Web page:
Senior Support Services is a day center for homeless and extremely low-income senior citizens in Denver. They offer free meals, food and clothing banks, access to computers, and support in searching for housing and medical care. Clients are at least 55 years old, and have an average monthly income of $625. Many are coping with physical and mental health issues, and some struggle with addictions. SSS was established forty years ago, and since then has provided consistent services for this vulnerable population. By providing hot, healthy meals and a safe place for people to spend their days, SSS helps homeless and hungry elderly in Denver maintain better health and dignity. 

Our visit to Senior Support Services was for a Sunday lunch just after Christmas. There was snow on the ground, and nighttime temperature was well below dangerous temperatures for folks sleeping outside. 


We heard many stories.

Johnathan, a client at Senior Support Services. 

“This happened so fast,” said a man named Gary. “I was working hard. But I wasn’t paying attention and things just fell apart.”

Another man told us that he worked for 40 years in construction and warehousing. He said, “I spent forty years as a hard worker. Now I’m bored.” He told us that small Social Security checks didn’t make up for the way life used to be. Others were ex-military, including a Corporal in the Marines.

One man showed us photos of his granddaughter in El Paso, playing in the foot of snow that arrived just after Christmas—her first ever snow. Another was waiting for his daughter to call. She had missed Father’s Day and now Christmas. “I’m trying not to be bitter.”

Another, named Johnathan, had lost a friend after he was hit by a car the night before. 

The people we met shared a familiar range of joys and sadnesses, augmented by the vulnerability and pain of homelessness. 

Many of the people at the Senior Support Center are homeless, but not sleeping on the street. They live in shelters, which charge as much as $50 per night, or stay permanently in cheap motels. Sleeping outside in the below-freezing Colorado winters is a single small mistake away—an illness, the loss or theft of an essential item, a missing check.

Ron brings an extraordinary depth of compassion and energy to his work at Senior Support Services, as well as a complex history of family and personal hardship. 

Others sleep in their cars, including one man who explained that he fills large pop bottles with hot water from a coffee shop to use as heat. He had woken up that morning unable to move his feet after one of the bottles leaked.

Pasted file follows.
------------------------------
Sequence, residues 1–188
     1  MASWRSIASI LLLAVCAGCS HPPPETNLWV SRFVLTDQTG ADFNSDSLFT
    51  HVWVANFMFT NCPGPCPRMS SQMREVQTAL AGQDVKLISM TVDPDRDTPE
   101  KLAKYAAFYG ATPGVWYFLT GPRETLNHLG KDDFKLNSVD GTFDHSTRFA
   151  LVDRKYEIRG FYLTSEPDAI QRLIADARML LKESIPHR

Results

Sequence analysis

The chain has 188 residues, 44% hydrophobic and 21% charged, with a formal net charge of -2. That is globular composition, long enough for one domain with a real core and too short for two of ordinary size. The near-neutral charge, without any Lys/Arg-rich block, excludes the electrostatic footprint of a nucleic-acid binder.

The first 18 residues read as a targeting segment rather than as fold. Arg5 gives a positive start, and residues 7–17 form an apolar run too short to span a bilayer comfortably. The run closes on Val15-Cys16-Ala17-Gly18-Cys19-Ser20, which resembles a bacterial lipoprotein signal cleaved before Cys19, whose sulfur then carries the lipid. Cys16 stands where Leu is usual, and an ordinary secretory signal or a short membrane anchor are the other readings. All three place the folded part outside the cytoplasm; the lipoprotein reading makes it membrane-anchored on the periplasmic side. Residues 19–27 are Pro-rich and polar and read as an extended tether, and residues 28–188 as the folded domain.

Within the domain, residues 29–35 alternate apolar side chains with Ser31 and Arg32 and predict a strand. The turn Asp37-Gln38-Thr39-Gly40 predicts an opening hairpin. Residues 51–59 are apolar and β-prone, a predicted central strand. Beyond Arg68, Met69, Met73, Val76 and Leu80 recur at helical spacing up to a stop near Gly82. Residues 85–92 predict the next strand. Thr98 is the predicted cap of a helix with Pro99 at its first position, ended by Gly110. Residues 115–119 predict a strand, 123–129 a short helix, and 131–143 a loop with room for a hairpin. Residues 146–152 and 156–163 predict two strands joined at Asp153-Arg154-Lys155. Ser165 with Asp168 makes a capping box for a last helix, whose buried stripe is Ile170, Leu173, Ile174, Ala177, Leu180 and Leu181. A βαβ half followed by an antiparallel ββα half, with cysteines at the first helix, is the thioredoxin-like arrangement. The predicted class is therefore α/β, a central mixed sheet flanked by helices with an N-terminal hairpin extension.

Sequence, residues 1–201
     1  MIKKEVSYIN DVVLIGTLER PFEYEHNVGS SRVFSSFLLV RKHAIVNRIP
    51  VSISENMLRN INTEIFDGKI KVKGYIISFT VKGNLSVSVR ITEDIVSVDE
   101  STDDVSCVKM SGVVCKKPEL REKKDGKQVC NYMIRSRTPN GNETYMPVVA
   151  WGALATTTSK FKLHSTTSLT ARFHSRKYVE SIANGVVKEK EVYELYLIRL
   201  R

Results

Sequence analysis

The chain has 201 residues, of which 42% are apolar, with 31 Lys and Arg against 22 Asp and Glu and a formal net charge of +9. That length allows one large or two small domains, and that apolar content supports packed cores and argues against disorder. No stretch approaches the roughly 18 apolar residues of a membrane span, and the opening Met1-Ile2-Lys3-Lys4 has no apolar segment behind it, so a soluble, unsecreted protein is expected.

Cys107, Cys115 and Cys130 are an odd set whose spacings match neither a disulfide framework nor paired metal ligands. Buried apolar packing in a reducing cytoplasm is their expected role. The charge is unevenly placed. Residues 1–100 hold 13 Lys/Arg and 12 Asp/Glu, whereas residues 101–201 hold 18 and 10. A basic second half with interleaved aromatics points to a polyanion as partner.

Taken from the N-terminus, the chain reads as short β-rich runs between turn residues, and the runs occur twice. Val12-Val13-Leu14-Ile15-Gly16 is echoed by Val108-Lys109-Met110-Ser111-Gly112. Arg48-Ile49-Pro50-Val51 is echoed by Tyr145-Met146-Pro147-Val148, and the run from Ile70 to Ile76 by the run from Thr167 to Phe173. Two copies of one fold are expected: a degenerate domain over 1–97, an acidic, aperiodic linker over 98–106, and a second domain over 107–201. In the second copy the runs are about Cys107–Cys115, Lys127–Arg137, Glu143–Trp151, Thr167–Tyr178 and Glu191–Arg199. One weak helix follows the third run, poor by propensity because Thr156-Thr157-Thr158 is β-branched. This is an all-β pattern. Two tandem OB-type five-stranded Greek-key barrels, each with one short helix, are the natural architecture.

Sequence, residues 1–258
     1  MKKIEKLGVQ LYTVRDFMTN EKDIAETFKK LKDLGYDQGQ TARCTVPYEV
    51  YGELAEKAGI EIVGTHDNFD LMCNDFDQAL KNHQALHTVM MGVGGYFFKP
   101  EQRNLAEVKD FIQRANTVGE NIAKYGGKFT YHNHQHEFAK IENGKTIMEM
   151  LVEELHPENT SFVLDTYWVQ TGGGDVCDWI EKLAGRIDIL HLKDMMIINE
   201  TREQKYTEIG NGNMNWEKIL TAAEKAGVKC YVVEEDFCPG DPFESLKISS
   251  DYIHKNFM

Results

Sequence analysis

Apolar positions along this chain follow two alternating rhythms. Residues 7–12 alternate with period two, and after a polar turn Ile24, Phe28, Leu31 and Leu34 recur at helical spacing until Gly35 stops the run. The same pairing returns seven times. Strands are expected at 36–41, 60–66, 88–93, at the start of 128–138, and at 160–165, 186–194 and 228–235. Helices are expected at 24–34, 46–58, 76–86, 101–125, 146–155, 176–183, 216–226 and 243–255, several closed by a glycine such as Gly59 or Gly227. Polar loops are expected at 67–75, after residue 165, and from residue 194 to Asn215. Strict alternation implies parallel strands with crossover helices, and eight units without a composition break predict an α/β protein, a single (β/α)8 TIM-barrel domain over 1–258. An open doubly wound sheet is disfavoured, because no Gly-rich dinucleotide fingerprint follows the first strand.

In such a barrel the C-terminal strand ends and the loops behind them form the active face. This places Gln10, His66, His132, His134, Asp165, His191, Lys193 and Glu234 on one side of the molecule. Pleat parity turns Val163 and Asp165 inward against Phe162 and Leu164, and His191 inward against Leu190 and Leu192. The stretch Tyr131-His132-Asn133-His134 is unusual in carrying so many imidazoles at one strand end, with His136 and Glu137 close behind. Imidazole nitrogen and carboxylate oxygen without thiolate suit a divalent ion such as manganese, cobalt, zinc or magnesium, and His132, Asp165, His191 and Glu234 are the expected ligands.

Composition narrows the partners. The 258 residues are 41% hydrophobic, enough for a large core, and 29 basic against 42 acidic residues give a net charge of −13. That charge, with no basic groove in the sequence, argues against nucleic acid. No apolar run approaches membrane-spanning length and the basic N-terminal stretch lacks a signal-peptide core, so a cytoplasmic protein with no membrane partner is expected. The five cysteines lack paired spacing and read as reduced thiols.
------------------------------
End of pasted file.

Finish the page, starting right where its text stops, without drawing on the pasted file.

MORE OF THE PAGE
We heard about a local shelter that caters to all ages, and which is therefore often violent and loud. It was overcrowded, with sleeping mats on the ground in addition to the rented beds. A man named Kenny told us that he was ‘jumped’ in the bathroom and robbed, although he escaped uninjured. He said that the overcrowding had been noticed by the fire marshals, and that the place was in violation of fire code. “What are you going to tell people, though? A slightly higher fire risk isn’t in the same universe as sending someone to sleep outside in this cold.”

We recognized several individuals from Christmas in the Park, just two days before. 

Senior Support Services is highly regarded as a safe and reliable space for meals, a roof over their heads, and a place to relax. The center has a bank of computers, filled with folks checking emails, reading the news, and relaxing. A back room features a brand-new flatscreen TV, and an enthusiastic group of viewers passing the time together. As a day center, it keeps people off the streets for at least a few hours each day. It’s a community, although one of necessity rather than choice.

Groups take turns volunteering to cook and serve lunches. We were there with a group of friends who commit to serving food on the last Sunday of each month. Lunch was chicken, potatoes, green beans, and rolls. Folks came through the line, were greeted, and had their plates filled. Many came back for seconds. Some came for thirds. Some lingered over their meals, while others ate quickly and headed back outside. 

We heard many stories of gratitude, and repeated thanks for the day’s lunch being flavorful, hot, and plentiful. When the dessert trays were loaded up and whisked around to the various tables, the whole place turned noisy, boisterous, and happy. Homemade peach cobbler has that effect on people.

Dessert at Senior Support Services. Volunteers provided a free meal for Denver's homeless and hungry elders. Photo and story by nonprofit Another Look.